Plant Bowen

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Plant Bowen
Plant Bowen.jpg
Plant Bowen 2012
Country United States
Location Bartow County, near Euharlee, Georgia
Coordinates 34°07′23″N 84°55′13″W / 34.12306°N 84.92028°W / 34.12306; -84.92028Coordinates: 34°07′23″N 84°55′13″W / 34.12306°N 84.92028°W / 34.12306; -84.92028
Status Operational
Commission date 1975
Owner(s) Georgia Power
Power generation
Primary fuel Coal (Bituminous)
Nameplate capacity 3,499 MW
Annual generation 22,600 GWh (2006)

Plant Bowen is a coal-fired power station located just outside Euharlee, Georgia, United States, approximately 8.7 mi (14 km) west-south-west from Cartersville. At 3,499 megawatts, Plant Bowen has the largest generating capacity of any coal-fired power plant in North America since the partial shutdown of Ontario Power Generation's Nanticoke Generating Station in Canada. Plant Bowen ranked third in the nation for net generation in 2006 producing over 22,630,000 MWh. The station is connected to the southeastern power grid by numerous 500 KV transmission lines, and is owned and operated by Georgia Power, a subsidiary of Southern Company.

Bowen's four cooling towers are 381 ft (116 m) tall and 318 ft (97 m) in diameter and can cool 1,100,000 US gallons (4,200,000 l; 920,000 imp gal) per minute. Another 26,000 US gallons (98,000 l; 22,000 imp gal) of water is lost to evaporation which creates the distinctive white clouds rising from each tower.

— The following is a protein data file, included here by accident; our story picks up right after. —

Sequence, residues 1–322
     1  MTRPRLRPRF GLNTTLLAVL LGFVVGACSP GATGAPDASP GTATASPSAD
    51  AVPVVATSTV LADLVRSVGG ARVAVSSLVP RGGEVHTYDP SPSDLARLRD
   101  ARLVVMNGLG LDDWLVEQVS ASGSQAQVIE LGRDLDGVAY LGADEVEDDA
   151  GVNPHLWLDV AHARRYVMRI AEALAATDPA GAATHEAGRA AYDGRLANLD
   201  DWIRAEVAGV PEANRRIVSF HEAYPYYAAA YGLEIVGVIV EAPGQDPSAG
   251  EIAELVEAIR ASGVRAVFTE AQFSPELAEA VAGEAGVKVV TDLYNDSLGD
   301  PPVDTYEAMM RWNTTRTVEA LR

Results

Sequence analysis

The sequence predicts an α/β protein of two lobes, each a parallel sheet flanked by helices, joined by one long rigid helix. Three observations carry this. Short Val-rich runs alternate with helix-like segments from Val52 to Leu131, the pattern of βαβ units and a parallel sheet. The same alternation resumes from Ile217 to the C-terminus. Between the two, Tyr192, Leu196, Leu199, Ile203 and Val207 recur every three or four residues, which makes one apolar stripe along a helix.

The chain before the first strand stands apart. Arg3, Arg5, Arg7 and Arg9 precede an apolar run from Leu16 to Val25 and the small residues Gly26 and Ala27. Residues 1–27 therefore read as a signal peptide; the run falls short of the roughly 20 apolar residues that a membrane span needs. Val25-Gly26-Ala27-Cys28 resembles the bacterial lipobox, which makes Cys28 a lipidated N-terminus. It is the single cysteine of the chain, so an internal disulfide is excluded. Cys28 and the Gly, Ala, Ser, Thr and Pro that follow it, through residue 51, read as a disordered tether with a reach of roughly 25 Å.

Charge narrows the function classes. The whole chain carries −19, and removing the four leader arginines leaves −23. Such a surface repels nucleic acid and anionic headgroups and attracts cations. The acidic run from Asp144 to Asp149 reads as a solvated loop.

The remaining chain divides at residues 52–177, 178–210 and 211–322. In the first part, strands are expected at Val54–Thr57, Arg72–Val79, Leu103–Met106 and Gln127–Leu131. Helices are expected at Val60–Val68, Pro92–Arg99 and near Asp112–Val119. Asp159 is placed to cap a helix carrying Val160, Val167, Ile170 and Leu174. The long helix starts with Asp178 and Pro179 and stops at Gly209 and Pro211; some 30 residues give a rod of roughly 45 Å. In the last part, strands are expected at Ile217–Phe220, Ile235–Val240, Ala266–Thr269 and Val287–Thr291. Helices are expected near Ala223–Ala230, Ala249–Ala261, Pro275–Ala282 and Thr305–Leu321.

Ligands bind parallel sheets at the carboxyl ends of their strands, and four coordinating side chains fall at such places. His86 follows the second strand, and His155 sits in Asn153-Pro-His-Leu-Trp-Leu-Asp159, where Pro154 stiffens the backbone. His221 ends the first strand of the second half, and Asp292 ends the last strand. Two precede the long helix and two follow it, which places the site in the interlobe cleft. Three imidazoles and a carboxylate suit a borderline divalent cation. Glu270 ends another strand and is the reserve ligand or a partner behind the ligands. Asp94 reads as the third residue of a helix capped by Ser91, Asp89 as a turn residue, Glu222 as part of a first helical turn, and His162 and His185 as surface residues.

Bowen's two smokestacks are 1,001 ft (305 m) tall. Particulates are removed from the exhaust gases through the use of electrostatic precipitators. The exhaust gases are then closely monitored to comply with air quality regulations. In addition, Jet Bubble Reactor (JBR) units have recently been constructed on all four units to meet federal clean air and ozone standards.

Incidents[edit]

On 4 April 2013, an explosion occurred on unit 2 while it was being removed from service and readied for a planned maintenance outage. This caused significant damage to the plant but there were no serious injuries. [1] The explosion was attributed to a mixture of hydrogen and air in the generator, due to failure to comply with procedures. [2]

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